You can see a full set of photos from the launch at this link, all taken by the media mastermind that is Marcos Avlonitis.  If you're a regular visitor to the VP site, this name will not be unfamiliar to you - he also did the post-production work on the cover image which graces Phobia, which if you're wondering is an 'icon', probably of Mary, who is mentioned in one of the poems featured on the Phobia page.  I think it's time to admit this is the same Marcos who is credited in the acknowledgements - he's Jo's partner, but what a guy, and what a team they make!  He even set up a sound desk upon our arrival, and has recorded the whole gig; this will hopefully be appearing on the blog in due course, though as the man is a perfectionist this will be after he has removed any trace of noise from the air conditioning vent.  I pointed out to Marcos during the evening that, in the age of media, the man with the top camera, recording equipment and skills to use them is pretty much king - I think he agreed.

I'd like to formally thank everyone who came out to see Jo and James - there was a fantastic atmosphere of encouragement and support, and more than a couple of attendees from Leeds literary royalty, which is always great to see.  Blog readers can still grab the book, signed and otherwise, from the VP site here - you might also like to read about 'Valley Press Fest', which Jo attended the following day, in the report here.  Hope to see you at the next launch!

Thursday, 19 January 2012

Phobia: Review by Ciara Hegarty

Jo Brandon's pamphlet-length poetry debut Phobia will be launched in less than twenty-four hours, and is already available to buy from the VP website.  To whet your appetite (if indeed it is not already sufficiently whetted) we're delighted to present a review of Phobia, our twenty-third publishing project, by Ciara Hegarty, author of The Road to the Sea (Macmillan, 2010).

Phobia is a collection of meditations on the self - how we perceive ourselves, our internal thoughts and private emotions, and often that ever-present, though subconscious preoccupation with how others view us - that fear of being perceived as something we are not, or the opposite - wanting to be seen as something we wish to be. In poems such as 'Arachne-phobia' and 'Flying Bricks', Brandon examines this theme of identity - the awkward self-examination and critique of adolescence: ‘you step back, too late/to hide relief on your face/her long smile hits you, right there/in that place you thought was safe’. There is a sense of loss, too, in this poem - the loss of childhood innocence, the coming of adolescent changes and desires: ‘fingers as long as legs once braided doll’s hair’ now ‘intertwine with another’s’.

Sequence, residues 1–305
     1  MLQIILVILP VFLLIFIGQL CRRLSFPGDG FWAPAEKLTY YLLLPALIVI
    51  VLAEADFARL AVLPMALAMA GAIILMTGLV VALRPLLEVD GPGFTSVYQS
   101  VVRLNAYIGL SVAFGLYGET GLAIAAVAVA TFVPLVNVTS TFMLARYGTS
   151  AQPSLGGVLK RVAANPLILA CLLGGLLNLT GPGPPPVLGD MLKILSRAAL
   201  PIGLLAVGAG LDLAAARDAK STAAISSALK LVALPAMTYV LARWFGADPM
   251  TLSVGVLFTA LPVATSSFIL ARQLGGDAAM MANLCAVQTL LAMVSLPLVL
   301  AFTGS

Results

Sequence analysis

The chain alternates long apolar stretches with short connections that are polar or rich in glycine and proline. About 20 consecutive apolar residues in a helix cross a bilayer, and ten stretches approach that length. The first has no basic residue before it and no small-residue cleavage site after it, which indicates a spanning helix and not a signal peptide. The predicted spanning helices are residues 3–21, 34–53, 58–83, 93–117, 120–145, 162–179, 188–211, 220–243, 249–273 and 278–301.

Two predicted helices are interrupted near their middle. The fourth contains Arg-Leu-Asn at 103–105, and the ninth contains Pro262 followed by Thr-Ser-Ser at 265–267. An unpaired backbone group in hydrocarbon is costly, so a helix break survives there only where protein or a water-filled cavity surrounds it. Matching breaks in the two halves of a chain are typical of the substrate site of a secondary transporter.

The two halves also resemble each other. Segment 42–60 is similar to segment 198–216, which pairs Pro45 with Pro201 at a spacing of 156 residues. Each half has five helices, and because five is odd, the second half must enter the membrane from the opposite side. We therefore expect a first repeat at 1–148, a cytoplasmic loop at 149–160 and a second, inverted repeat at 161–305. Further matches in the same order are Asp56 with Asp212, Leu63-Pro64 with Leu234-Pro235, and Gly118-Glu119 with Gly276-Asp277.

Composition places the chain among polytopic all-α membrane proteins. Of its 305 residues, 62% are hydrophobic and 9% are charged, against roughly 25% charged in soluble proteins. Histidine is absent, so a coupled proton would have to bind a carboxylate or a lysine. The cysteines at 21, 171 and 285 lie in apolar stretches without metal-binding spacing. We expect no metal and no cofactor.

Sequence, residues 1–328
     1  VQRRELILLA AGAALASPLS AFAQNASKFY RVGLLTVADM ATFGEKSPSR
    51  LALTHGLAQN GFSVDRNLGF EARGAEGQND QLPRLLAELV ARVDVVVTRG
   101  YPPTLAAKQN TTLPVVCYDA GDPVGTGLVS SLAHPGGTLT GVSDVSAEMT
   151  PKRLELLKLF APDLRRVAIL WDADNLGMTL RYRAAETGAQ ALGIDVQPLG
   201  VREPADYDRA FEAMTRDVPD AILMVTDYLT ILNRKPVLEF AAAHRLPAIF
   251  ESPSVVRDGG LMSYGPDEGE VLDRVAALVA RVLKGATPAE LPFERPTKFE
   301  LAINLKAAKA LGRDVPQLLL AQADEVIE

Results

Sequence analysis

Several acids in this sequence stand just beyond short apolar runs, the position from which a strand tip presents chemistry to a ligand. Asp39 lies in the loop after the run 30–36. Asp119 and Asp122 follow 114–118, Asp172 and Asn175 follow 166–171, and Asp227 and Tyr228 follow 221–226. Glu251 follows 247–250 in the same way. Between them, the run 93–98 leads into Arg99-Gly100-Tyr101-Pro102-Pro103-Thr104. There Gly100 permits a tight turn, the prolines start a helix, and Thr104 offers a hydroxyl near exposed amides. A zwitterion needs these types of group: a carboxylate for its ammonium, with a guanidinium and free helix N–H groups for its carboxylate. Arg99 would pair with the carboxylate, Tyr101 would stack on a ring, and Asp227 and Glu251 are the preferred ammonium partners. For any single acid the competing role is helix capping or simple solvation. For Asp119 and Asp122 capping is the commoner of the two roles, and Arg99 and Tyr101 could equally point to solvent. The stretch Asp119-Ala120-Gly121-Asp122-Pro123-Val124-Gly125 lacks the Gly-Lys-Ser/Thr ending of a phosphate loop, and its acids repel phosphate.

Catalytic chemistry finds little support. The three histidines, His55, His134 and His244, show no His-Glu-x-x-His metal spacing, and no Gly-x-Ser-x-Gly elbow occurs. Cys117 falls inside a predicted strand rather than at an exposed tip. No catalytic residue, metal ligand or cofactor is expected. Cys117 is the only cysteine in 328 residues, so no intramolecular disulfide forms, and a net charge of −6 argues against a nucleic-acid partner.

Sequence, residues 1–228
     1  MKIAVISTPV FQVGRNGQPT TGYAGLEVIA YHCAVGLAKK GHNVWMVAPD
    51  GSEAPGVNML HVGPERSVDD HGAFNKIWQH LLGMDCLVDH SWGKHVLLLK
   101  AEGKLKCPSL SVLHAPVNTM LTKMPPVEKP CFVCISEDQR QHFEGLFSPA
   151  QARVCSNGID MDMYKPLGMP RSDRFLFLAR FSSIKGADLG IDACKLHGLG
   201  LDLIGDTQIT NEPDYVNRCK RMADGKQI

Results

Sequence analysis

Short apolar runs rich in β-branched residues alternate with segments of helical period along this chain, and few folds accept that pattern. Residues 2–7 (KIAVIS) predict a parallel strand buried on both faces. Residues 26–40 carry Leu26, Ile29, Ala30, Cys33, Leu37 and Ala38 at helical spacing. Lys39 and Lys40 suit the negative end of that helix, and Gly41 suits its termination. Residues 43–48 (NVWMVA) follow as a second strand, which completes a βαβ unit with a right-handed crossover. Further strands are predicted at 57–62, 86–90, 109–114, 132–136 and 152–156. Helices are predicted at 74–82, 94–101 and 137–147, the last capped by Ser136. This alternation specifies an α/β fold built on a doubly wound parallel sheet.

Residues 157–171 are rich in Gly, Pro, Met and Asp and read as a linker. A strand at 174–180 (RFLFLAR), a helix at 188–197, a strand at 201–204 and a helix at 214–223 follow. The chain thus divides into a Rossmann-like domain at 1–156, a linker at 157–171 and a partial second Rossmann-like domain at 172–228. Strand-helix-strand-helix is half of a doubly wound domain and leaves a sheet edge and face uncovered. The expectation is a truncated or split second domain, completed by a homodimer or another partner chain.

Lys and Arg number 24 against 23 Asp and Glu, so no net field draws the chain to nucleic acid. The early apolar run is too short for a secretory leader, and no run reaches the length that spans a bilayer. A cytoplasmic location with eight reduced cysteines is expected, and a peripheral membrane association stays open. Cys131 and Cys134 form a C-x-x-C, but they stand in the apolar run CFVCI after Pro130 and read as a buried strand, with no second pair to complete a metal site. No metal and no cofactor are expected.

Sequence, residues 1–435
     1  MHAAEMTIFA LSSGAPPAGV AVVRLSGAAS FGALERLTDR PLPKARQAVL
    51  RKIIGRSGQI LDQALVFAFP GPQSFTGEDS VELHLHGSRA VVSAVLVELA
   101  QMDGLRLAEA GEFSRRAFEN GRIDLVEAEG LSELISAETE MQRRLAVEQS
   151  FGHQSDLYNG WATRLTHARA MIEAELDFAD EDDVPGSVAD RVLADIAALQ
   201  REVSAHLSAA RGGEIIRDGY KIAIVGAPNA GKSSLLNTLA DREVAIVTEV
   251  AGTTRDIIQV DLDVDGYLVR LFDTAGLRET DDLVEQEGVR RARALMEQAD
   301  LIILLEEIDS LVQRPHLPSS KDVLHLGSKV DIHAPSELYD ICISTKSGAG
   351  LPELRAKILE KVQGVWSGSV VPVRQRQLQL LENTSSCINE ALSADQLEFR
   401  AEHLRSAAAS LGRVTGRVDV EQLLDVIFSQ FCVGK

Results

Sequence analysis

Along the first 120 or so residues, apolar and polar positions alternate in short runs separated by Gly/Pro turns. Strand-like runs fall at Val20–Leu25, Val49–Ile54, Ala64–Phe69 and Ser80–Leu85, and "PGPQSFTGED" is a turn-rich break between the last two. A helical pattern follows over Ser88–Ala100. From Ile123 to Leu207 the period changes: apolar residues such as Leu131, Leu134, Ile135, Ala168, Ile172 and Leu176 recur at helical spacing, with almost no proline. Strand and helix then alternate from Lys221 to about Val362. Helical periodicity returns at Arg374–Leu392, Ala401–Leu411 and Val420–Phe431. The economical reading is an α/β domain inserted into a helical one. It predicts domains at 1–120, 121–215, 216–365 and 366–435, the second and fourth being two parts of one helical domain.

Brandon has the gift of making one stop and think - to re-read what could initially be taken to be a straightforward, one-dimensional poem, and to see in it a deeper meaning. 'These Bones' gives a short, simple suggestion of the inner beauty of a person - an essence and goodness, the fundamentals of the self that we often struggle to find and, once seen, crave to see again. It leaves one reminding oneself to be a better person, and to see that beauty in others - the narrator makes us see this through and beneath the rather clinical-seeming description of having an x-ray taken.

Brandon has the breadth to be light-hearted and sparse with her language but also to be eloquent and serious, with a quiet beauty to her words. The language in 'Mottephobia' is breath-taking, conjuring up images of butterflies like ‘eyelash-light sweepings against your chest.’ In 'Miser Miser' - another poem about the self and how it is easier sometimes to make sense of one’s identity by viewing ourselves as something other - in this case a roasting bird which spits ‘rosemary like bad words’, Brandon creates another beautiful image when describing the plucked, ‘sticky’ feathers: ‘I saw a little girl run/ to gather them up, brushing them against her face/ expecting softness, drops them, rubbing hands on dress.’ Although not explicitly described, this image conjures up the confused, disappointed face of the girl - a younger version of the narrator of this poem, we suspect - and we look on as she watches the pile of feathers drifting down to the ground.